Evaluation of Intimal Hyperplasia
Neointimal thickening was evaluated by measuring the total area of neointima in longitudinal sections of elastic-trichrome–stained arteries. In addition to planimetry of the neointimal area, the area of the media was measured and the intima/media ratio was calculated.
Measurement of Nitric Oxide From Vessel Segments
To determine whether functional recovery of the endothelium was accelerated by estradiol, the production of nitric oxide by excised arterial segments was measured as previously described.12 Three arteries each from placebo pellet–treated and 1.5 mg estradiol–treated animals were excised 1 week after injury and placed in an organ bath. After 15 minutes, the concentration of nitric oxide was measured according to the Griess reaction.12
Rat Vascular Smooth Muscle Cell Culture
Primary cultures of rat aortic vascular smooth muscle cells were grown according to the explant outgrowth technique as previously described.2 Cells in passages 2 to 4 were grown to confluence and placed in phenol red–free medium supplemented with 0.5% charcoal-stripped serum for 48 hours. Cells were then exposed to one of the following for 24 hours: 0.5% stripped serum, 10% stripped serum supplemented with 10−7 mol/L estradiol, or 10% stripped serum without estradiol.
Northern Blot Analysis
Total RNA isolation, electrophoresis, and capillary transfer were performed as previously described.13 A 675-bp fragment of plasmid pSVI.VEGF.21 (the generous gift of N. Ferrara, Genentech, South San Francisco, Calif) encoding human vascular endothelial growth factor (VEGF) (88% homologous to rat VEGF) was labeled with [32P]dCTP as described to a specific activity of 5 to 9×108 cpm/μg. Prehybridization, hybridization, and washes were performed according to standard techniques.13
Results are expressed as mean±SEM. Differences between groups were evaluated with the use of ANOVA, with the Newman-Keuls method applied to evaluate differences between individual mean values. Differences were considered significant at a level of P<.05. Dose-response relationships were evaluated with linear regression analysis.
Estrogen Replacement Therapy Results in Dose-Dependent Acceleration of Reendothelialization
Evans blue staining indicates areas of nonreendothelialized artery with a blue stain (Fig 1A⇓). By standardizing the area of injury in all animals, a comparison can be made between control and treated animals. Fig 1A⇓ shows examples of arteries after the initial injury and harvested 1 and 2 weeks after injury in control and treated animals. The initial injury was equivalent in all treatment groups, whereas at both time points after injury, the estrogen-treated arteries had a greater area reendothelialized than did the animals receiving placebo pellets. No significant differences were detected between no-pellet and placebo pellet–treated rats for any measurement.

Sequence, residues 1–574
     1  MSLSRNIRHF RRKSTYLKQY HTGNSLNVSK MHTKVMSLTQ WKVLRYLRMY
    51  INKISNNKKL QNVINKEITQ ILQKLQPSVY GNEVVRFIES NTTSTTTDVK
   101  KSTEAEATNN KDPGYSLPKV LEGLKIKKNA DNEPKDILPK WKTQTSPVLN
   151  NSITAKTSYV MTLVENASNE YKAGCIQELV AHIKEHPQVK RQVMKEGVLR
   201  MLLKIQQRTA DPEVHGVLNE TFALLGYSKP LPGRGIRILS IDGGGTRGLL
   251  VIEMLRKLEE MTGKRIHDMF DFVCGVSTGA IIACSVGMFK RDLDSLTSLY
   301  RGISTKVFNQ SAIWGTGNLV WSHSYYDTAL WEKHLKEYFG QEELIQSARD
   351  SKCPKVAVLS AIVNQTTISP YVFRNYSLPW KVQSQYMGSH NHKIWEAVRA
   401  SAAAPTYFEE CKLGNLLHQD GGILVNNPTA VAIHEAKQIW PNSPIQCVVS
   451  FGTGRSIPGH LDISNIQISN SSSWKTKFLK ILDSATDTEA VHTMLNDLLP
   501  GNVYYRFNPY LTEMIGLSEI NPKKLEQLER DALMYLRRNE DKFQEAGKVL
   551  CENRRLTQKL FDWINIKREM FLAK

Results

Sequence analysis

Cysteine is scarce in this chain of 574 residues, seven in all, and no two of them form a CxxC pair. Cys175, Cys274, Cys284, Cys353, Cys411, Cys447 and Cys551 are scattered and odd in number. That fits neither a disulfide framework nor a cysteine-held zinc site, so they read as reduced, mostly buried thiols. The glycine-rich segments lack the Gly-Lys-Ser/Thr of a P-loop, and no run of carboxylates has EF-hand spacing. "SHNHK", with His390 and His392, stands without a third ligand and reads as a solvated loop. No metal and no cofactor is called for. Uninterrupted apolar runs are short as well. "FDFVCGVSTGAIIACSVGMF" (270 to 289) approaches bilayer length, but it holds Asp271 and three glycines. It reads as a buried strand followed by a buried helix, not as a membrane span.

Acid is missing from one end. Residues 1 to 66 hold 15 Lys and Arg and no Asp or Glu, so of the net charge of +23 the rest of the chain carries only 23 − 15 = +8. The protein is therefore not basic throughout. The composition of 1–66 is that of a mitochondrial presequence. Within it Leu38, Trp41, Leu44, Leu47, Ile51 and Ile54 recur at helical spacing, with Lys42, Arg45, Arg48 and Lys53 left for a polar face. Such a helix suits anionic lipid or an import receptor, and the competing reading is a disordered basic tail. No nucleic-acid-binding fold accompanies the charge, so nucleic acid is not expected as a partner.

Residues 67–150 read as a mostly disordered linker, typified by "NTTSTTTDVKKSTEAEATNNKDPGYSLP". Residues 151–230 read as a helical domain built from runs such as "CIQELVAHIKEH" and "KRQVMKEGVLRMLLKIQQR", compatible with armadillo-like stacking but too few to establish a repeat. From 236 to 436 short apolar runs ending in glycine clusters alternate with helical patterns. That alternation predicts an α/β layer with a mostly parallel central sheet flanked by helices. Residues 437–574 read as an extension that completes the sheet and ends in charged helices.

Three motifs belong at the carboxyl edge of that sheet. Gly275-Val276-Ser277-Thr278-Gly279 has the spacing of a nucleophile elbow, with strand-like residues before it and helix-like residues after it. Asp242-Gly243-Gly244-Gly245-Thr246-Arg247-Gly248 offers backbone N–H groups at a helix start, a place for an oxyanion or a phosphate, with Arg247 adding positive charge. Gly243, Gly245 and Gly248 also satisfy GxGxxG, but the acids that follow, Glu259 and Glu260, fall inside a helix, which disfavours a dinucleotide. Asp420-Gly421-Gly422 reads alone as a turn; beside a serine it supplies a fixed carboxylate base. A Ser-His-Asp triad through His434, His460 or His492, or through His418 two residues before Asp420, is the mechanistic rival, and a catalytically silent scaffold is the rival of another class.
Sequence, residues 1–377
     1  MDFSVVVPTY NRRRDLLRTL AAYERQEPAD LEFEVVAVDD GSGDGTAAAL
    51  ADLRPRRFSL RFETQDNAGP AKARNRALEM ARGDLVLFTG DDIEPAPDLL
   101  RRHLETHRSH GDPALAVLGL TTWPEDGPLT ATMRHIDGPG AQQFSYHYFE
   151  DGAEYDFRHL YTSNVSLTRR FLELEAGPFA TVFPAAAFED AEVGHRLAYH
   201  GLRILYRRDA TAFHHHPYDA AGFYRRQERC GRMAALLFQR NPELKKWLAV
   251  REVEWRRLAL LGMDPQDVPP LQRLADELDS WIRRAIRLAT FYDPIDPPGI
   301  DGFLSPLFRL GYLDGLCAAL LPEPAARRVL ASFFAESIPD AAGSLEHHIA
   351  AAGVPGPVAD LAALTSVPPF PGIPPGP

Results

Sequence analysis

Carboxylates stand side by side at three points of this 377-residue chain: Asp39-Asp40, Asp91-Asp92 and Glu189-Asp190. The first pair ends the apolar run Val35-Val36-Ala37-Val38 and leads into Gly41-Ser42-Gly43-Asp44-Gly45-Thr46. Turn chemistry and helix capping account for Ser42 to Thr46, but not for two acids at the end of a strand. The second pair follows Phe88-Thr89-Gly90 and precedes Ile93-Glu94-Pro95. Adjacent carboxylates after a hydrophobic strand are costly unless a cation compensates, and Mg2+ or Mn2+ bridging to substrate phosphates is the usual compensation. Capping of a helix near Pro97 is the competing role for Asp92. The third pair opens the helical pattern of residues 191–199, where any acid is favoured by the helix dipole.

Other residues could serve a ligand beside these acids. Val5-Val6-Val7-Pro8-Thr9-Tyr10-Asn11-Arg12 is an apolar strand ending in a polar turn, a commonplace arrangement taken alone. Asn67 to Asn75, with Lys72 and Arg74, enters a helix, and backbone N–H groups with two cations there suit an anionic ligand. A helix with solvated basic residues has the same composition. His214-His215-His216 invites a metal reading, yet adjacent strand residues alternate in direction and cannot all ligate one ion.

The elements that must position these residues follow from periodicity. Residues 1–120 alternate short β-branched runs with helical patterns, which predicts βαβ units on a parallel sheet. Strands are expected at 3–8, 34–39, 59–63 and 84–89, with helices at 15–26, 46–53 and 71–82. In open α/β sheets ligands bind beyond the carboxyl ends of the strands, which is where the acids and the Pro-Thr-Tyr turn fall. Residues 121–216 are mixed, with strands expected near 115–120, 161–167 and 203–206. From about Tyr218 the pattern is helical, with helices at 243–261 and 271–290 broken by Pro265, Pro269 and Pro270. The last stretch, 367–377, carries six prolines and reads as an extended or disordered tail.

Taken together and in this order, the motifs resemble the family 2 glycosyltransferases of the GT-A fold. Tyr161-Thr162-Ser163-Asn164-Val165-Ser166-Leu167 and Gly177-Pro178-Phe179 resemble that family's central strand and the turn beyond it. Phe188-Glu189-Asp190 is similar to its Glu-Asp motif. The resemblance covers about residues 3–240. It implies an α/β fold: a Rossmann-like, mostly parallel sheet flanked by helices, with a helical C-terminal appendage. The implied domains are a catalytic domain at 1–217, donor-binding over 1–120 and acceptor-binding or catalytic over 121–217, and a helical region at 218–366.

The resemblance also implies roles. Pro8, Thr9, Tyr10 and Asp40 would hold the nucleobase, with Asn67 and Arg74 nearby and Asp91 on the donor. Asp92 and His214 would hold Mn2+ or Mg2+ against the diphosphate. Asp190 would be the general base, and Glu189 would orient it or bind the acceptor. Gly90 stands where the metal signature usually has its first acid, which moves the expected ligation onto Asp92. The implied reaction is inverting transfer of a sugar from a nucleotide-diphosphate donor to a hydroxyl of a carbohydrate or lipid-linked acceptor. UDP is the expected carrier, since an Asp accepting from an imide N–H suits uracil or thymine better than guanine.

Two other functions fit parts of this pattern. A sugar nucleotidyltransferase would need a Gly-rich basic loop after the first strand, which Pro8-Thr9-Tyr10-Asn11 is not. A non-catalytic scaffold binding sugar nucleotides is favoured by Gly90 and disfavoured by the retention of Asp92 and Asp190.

The total area of reendothelialization measured at 1 week (Fig 2A⇓) in placebo-treated animals was 4.7±0.3 versus 6.9±0.5 mm2 (P<.01 versus control) in animals receiving the lower dose of estrogen and 7.8±0.4 mm2 in rats receiving the 5 mg estradiol pellet (P<.001 versus control). Similarly, after 2 weeks, both of the treatment groups showed greater reendothelialization than the untreated controls: placebo-treated rats had a total area of reendothelialization of 5.7±0.5 versus 7.3±0.4 mm2 in the 1.5 mg estradiol group (P=NS) and 7.9±0.4 mm2 in the 5 mg estradiol group (P<.01 versus placebo) (Fig 2A⇓). At both 1 and 2 weeks, the dose-response relationship was significant (P<.001 at 1 week, P<.01 at 2 weeks).
Calculation of reendothelialization as a percentage of the total area of injury revealed similar findings (Fig 2B⇑). At 1 week, the placebo-treated animals showed reendothelialization of 37.1±1.5% of the injured area compared with 58.6±2.1% in the low-dose estradiol group (P<.001 versus control) and 61.9±4.1% in the high-dose estrogen group (P<.001 versus control). After 2 weeks, the arteries of the placebo-treated animals had recovered 59.2±5.0% of endothelial surface area compared with 69.9±2.5% in the low-dose estrogen group (P=NS) and 78.4±0.4 in the high-dose estradiol group (P<.01 versus control). Again, the dose-response relationship was significant at both time points (P<.001 at 1 week, P<.01 at 2 weeks).
Estrogen Results in a Dose-Dependent Reduction in Neointimal Thickening After Barotraumatic Balloon Injury